Very, very few people are tone deaf. Tone deafness is an abnormality of the brain which can also affect the understanding of language and certain spatial abilities. So unless you are one of those rare individuals who are born with amusia or have suffered a brain injury or have hearing problems, you aren’t tone deaf.
So now that’s out of the way, you can get on with singing!
When I tell people that my singing groups and workshops are open to anyone and that I believe that everyone can sing they often ask “But what about people who are tone deaf, people who just can’t hold a tune?” They just jump in and start being negative and putting obstacles in the way!
Now, what if I’d said I was starting an amateur soccer team or a beginner’s cookery class or a tennis academy for kids? Most people would probably say: “Well done, great idea! Can I join?”, not “But what about those people who can’t kick straight or those whose taste buds are under developed or those who have to wear glasses?”
Somehow singing is different. People who sing are expected to be perfect from the off, be able to “hold a tune” from the get go, to have a lovely voice without any practice, to never dare to “inflict” their horrible tuneless voice on others. They must be able to sound like Pavarotti or Britney Spears or Justin Bieber or Lesley Garrett as soon as they open their mouths.
But we don’t expect someone starting to learn soccer to be able to play for the premiere league next week, or someone to open a Michelin starred restaurant the week after they sign up for cookery classes, or new tennis players to play at Wimbledon next summer.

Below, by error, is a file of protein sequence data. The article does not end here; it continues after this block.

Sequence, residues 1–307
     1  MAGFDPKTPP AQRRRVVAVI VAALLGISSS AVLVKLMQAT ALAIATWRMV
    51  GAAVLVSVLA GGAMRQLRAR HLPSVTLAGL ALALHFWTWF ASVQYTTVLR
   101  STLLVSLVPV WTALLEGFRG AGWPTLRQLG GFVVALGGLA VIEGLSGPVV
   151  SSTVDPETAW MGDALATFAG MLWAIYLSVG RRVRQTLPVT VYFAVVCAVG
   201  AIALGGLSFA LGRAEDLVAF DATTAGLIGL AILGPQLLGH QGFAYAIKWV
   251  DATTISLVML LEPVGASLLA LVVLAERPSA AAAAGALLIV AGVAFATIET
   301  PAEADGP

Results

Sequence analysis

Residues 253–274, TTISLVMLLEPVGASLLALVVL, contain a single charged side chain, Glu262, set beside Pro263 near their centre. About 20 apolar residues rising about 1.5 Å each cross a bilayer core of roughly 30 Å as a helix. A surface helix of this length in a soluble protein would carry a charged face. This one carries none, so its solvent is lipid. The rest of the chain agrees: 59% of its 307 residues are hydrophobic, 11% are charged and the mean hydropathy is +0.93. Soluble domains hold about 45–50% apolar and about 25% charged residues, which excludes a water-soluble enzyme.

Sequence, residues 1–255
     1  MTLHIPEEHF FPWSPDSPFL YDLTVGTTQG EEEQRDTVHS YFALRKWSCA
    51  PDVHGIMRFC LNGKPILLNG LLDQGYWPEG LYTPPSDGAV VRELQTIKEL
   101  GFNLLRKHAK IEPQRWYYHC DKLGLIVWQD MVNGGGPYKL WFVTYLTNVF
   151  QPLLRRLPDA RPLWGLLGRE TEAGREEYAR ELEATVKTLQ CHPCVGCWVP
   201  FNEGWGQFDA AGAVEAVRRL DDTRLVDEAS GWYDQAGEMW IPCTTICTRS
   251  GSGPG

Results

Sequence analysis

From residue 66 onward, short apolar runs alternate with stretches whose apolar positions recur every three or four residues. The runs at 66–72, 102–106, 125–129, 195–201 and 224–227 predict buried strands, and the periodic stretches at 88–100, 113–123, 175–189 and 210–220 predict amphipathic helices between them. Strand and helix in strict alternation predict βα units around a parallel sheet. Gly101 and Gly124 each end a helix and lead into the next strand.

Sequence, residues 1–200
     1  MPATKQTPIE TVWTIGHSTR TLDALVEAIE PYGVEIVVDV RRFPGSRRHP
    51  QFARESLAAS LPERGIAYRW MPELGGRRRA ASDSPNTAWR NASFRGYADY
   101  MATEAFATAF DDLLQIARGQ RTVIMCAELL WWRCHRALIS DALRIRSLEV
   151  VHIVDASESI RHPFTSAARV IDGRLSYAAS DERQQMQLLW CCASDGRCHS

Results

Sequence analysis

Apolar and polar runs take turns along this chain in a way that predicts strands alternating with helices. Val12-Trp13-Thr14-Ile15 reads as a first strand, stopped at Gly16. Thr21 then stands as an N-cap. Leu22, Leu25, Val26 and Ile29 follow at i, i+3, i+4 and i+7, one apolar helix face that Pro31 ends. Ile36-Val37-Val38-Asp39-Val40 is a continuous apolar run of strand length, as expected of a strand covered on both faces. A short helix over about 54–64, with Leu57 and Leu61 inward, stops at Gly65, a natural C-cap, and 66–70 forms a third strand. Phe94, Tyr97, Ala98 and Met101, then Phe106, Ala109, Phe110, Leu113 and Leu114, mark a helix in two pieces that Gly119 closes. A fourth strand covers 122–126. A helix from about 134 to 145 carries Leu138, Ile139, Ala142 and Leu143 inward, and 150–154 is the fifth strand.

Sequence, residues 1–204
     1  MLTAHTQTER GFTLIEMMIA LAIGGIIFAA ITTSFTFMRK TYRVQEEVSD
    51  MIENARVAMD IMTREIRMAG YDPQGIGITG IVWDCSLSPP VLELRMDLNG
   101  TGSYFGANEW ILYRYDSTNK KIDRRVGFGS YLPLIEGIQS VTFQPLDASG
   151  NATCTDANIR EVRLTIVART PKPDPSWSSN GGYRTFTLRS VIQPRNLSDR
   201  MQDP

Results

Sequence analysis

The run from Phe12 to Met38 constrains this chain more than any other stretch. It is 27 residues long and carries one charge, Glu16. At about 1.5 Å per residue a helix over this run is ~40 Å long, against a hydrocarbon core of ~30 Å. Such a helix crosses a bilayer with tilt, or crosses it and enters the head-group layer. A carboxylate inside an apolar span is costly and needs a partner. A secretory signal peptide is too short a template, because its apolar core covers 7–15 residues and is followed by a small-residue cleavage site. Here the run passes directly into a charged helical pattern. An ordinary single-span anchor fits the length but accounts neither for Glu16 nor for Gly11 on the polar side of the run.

A person can kick a ball about in their back garden and nobody minds if they’re good or bad. Someone can practice their serve on their own until they get it right, even though the ball hits the net most of the time. A beginner cook can experiment at home to create new dishes which, at first, may be virtually inedible.
But when it comes to singing, somehow expectations are different.
“No, no, no,” you cry, “I don’t mind if someone sings in the bath or around the house, as long as they don’t do it in public or inflict it on others”.
So let’s take our new footballer out of her back garden and to the first practice session of the local amateur soccer team. Now it’s in public and her team mates depend on her and can also see how well or badly she can kick a ball. In the beginning her passes will be rubbish, she’ll miss easy shots at goal and she’ll run out of breath quickly.
But as the weeks go by she’ll get better and become an important part of the team. She may never get to be as good as, say, Wayne Rooney, but few do. She’ll have fun, face challenges, be better or worse than some of the other players, possibly compete with her team, get much better at soccer and become a valuable team player.
Same with singing. Ears and mouths are just like eyes and feet: it takes time to connect the two. Just as our soccer player can’t pass accurately at first and a beginner tennis player keeps serving into the net, the singer just starting out in a group might not be able to accurately reproduce with their mouths what they hear with their ears.
But be patient. Like any skill the ability to hold a tune accurately will develop in time. It’s not that you’re tone deaf, it’s just that it needs practice. And any way, most of the time in a group it’s not a big deal if you’re slightly out.
So next time someone says “I can’t sing, I’m tone deaf”, just tell them to join a choir and get practising!
Chris Rowbury's website: chrisrowbury.com